After calling the service departments at numerous RV dealers and finding that they were all booked four weeks out, Phil had scheduled a service appointment at a DRV dealer in Billings, MT for June 7th. However, as our problems with our front landing jacks became more constant, we realized we needed to get service sooner than that. We were afraid that, if we unhitched our rig, we might not be able to get the legs extended high enough to hitch up again, so we decided to stay hooked up until we got to Billings. That meant that we were unable to use the automatic leveling system and, instead, had to manually level the legs as well as we could while still hitched. Some nights that meant having to live on a slant.

Our first stop was for two nights, May 9-10, at Holiday Park Campground, a Corp of Engineers park in the outskirts of Fort Worth, TX. The 279-mile drive was mostly on I-35 but took us through a number of traffic jams, especially as we passed through Austin. We had site #72 at Holiday Park, which was a 100 foot long concrete pull-through site. Unfortunately, Phil initially pulled into the site facing the wrong way and it took a little while to get turned around. In hindsight, there was a fairly easy way to get into the site but the gate attendant had not highlighted that route on the map. Our site was very isolated, overlooking the lake, and we only had a neighbor the first night.

We walked along the lakefront and were amazed by the number of very large fish that were just a few feet away from the shore. The water was so shallow that the fish’s dorsal fins were completely out of the water and it seems that we could have waded in a short distance and captured our fish dinner by hand.

Our second stop was for two nights, May 11-12, at Taylor’s RV Park, about 7 miles south of Stillwater, OK. One of the attractions of this campground was that they have storm shelters. When we got within 15 miles of the campground, we got tornado warnings on our radios twice. Not knowing the best course of action under the circumstances, we just kept on driving. The owner of the campground had told Phil to call him when we were within a few miles. When Phil called, he learned that the people at the campground had taken shelter and were just coming out of the storm shelter. There was a lot of standing water when we pulled into the campground and Phil sunk into deep mud when he attempted to drive the trailer up onto the concrete pad. He had to use 4-wheel-drive for the first time. One of rear mud flaps tore off when it got stuck in the mud. It was quite a challenge getting set up as the ground was completely saturated. It also didn’t help when it rained most of our first night.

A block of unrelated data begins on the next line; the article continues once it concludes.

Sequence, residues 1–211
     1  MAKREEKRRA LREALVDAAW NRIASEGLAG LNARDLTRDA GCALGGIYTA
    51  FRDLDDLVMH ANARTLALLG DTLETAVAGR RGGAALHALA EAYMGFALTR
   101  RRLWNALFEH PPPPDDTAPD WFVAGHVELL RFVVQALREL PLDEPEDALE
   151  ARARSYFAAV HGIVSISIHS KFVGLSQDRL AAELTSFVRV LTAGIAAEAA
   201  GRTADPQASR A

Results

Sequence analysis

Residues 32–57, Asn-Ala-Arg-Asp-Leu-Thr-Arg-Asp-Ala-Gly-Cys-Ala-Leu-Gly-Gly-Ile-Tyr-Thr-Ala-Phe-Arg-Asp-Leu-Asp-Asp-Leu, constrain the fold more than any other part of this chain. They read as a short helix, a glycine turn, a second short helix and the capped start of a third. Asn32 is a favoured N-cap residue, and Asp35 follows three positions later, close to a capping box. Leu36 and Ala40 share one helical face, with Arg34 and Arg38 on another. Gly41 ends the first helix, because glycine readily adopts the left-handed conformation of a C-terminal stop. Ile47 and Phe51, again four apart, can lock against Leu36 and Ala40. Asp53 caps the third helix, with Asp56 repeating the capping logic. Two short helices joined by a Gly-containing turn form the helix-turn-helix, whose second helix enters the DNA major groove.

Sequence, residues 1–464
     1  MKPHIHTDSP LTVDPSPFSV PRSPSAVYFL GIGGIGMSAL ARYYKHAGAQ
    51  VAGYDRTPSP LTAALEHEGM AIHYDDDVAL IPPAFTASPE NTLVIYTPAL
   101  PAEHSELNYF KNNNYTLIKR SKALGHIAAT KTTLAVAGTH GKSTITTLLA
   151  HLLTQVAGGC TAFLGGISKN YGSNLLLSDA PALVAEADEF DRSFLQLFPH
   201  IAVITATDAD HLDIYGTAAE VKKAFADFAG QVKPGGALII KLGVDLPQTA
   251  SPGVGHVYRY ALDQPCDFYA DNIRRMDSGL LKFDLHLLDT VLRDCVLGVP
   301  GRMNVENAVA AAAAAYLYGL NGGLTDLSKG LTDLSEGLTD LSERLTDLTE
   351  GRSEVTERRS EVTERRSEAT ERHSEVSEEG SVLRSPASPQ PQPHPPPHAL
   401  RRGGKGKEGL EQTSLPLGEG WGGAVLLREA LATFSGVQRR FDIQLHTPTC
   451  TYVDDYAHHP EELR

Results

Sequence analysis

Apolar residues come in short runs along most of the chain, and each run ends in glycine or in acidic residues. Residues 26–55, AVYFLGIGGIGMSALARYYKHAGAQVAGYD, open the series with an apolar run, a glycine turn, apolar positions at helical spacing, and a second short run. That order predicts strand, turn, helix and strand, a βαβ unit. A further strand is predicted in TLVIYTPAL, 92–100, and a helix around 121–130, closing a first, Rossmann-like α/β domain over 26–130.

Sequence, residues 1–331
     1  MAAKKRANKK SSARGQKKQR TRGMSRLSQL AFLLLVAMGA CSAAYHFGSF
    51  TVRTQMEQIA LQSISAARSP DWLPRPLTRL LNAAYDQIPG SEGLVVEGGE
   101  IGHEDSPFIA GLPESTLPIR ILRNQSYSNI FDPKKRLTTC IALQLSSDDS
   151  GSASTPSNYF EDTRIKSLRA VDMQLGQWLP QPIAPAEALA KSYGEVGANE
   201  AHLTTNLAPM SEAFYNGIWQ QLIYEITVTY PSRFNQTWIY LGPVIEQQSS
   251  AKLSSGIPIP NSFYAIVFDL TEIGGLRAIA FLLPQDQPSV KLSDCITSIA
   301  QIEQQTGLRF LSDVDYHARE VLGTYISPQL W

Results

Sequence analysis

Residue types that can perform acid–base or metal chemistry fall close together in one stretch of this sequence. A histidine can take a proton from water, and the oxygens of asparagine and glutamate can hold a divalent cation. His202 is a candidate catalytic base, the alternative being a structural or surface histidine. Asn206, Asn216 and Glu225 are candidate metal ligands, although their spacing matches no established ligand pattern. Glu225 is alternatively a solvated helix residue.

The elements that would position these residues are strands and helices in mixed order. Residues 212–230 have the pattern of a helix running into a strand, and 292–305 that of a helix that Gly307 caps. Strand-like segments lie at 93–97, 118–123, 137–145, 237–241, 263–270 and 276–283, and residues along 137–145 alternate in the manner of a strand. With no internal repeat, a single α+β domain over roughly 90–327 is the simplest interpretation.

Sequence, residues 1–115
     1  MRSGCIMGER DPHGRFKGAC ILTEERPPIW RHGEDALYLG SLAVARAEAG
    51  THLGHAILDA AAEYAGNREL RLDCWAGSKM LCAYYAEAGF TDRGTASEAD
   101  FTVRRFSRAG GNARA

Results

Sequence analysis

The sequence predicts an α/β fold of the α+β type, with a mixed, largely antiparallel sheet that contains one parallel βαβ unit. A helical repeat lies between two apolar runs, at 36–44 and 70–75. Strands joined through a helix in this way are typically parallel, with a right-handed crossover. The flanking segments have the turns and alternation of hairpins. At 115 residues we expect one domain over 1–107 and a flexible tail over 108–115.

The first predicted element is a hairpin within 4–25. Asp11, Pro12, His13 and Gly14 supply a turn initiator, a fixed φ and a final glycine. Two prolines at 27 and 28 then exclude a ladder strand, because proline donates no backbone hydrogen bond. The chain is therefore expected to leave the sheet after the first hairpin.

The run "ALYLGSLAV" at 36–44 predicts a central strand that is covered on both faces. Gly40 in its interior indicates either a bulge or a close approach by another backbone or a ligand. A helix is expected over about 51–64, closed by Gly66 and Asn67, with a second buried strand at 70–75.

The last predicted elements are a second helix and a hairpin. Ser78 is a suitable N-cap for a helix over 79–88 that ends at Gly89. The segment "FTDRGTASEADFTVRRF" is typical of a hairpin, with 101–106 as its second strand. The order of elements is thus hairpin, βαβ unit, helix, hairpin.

In addition to being a muddy mess, we discovered after getting set up on our site that we had to share the electrical hookup with our neighbor and he had already laid claim to the 50 amp outlet. We ended up having to use a 30 amp adapter and, after tripping the circuit breaker, discovered that 30 amps is barely enough to run the microwave and induction cooktop at the same time. Fortunately, the temperature was moderate enough that we didn’t need to run our furnace and got by with only one air conditioner.